Trade figures out of China today failed to quell fears that the slowdown in the world’s second largest economy could be getting deeper. Chinese exports to the rest of the world slumped by 25.4% year-on-year in February, far worse than estimates of a 12.5% drop. This was the fastest decline since 2009 at the height of the financial crisis. Imports also continued to shrink, declining by 13.8% year on-year against estimates of a 10% decrease. The trade balance halved from the previous month to $32.6 billion in February.
However, the picture may not be as bad as the figures portray as the main reason for February’s slump was due to distortions from the Lunar New Year holidays. In 2015, the holidays fell at the end of the month so a lot of the disruption to trade last year occurred in March.
Chinese export and import growth have been on a steady downtrend since 2010 and saw negative growth for much of 2015. Apart from a weak global recovery since the financial crisis, a rising yuan during this period may have also contributed to the country’s deteriorating trade position. The People’s Bank of China caused market panic when it unexpectedly devalued the yuan in August 2015. The subsequent market turbulence that followed made it difficult for the central bank to let the currency depreciate even more and has since been intervening heavily in the foreign exchange markets to keep the yuan steady.
The yuan is currently around 5% weaker against the US dollar since before August’s devaluation and this may provide some boost to exports in the coming months. Government efforts to stimulate the economy have so far failed to reverse a slowing economy.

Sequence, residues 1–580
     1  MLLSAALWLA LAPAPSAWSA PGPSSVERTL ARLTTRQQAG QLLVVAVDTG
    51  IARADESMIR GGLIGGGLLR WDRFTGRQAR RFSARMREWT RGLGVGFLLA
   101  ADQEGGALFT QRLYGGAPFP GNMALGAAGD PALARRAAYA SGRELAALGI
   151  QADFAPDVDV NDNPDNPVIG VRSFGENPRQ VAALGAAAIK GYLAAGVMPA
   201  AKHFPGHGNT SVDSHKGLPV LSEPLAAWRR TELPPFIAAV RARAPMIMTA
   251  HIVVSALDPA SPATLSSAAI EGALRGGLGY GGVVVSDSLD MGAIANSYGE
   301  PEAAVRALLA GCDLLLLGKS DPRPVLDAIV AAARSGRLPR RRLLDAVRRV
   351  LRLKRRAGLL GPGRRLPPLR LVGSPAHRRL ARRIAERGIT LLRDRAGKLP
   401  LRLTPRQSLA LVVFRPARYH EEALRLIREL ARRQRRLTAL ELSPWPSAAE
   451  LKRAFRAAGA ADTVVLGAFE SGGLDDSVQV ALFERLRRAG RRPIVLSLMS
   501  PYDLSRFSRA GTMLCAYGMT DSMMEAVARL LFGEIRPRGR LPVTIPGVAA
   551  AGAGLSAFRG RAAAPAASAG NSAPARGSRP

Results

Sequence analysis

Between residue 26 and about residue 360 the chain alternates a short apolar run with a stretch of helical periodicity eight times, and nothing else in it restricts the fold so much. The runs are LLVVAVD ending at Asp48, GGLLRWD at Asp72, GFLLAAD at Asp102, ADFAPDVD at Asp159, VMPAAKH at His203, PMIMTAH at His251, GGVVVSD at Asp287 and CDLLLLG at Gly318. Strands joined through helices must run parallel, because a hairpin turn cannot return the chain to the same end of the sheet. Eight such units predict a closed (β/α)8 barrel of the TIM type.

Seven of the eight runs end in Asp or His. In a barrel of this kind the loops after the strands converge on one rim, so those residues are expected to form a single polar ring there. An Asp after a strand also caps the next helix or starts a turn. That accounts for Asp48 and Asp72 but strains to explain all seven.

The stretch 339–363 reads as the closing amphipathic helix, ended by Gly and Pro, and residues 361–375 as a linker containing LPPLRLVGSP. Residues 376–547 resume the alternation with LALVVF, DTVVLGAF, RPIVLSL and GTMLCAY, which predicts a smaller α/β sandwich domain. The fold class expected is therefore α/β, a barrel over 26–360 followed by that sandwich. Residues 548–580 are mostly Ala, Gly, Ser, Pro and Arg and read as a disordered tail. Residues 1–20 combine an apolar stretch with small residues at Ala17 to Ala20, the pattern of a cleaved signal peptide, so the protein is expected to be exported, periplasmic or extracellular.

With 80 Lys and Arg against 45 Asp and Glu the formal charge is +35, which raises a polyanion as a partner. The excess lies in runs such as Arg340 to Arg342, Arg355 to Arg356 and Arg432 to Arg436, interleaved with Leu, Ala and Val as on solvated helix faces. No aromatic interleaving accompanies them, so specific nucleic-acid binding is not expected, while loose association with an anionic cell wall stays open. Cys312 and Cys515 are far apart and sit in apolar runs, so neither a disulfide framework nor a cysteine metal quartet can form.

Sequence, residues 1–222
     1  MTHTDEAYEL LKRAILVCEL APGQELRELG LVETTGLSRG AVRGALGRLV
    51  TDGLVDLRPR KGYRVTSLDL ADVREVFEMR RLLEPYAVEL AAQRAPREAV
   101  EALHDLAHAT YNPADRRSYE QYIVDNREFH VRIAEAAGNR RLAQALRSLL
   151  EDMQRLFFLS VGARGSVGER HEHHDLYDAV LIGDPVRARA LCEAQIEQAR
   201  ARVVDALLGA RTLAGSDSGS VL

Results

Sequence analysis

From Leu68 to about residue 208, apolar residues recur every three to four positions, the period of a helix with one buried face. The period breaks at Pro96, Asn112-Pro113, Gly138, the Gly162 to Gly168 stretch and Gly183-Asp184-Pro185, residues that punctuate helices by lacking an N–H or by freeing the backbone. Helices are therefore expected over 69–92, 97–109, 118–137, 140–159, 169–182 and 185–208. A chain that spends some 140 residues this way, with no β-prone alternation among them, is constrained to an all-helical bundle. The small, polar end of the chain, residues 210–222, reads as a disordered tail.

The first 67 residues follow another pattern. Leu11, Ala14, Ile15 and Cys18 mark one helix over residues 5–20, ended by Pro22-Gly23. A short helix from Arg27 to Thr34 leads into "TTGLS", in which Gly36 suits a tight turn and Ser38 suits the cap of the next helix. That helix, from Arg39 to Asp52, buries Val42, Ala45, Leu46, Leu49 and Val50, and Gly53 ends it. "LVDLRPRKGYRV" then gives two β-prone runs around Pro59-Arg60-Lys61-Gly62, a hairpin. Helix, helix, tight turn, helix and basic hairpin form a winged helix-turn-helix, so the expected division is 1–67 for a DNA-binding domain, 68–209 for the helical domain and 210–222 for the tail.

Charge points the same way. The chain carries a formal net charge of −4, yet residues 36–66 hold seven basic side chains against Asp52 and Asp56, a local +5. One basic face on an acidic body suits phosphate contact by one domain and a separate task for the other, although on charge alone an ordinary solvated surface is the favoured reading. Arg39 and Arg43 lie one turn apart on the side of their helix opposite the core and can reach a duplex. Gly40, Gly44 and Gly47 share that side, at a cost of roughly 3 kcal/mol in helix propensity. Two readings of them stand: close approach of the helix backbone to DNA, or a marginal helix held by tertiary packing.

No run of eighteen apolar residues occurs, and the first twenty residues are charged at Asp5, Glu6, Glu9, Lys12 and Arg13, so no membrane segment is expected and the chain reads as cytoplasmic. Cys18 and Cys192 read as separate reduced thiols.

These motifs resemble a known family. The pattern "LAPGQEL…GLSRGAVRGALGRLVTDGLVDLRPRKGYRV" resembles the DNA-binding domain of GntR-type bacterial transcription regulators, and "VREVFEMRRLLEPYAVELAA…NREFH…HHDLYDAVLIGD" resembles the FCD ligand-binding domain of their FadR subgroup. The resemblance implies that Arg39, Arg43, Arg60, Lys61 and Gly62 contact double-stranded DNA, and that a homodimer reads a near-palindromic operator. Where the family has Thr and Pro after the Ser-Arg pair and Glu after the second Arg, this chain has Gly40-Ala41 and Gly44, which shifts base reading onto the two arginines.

At a meeting of the National People’s Congress (NPC) over the weekend, the government set a target of economic growth of between 6.5-7% for 2016. In 2015, annual growth hit a 25-year low of 6.9%. The government also pledged to increase state spending by raising the fiscal deficit target to 3% of GDP this year from 2.3% in 2015. At the NPC session, the government announced a series of measures to revive growth and reform the economy, including to create 10 million new jobs, speed-up supply side reforms and resolve overcapacity issues.
China’s main stock indices closed higher today and the yuan was steady around 6.50 per dollar. The muted reaction to today’s and recent negative data may be a sign that markets have now adjusted their expectations that growth in China is not about to return to pre-crisis levels anytime soon. It could also mean that traders are becoming more confident about Chinese authorities’ ability to stabilize the economy.
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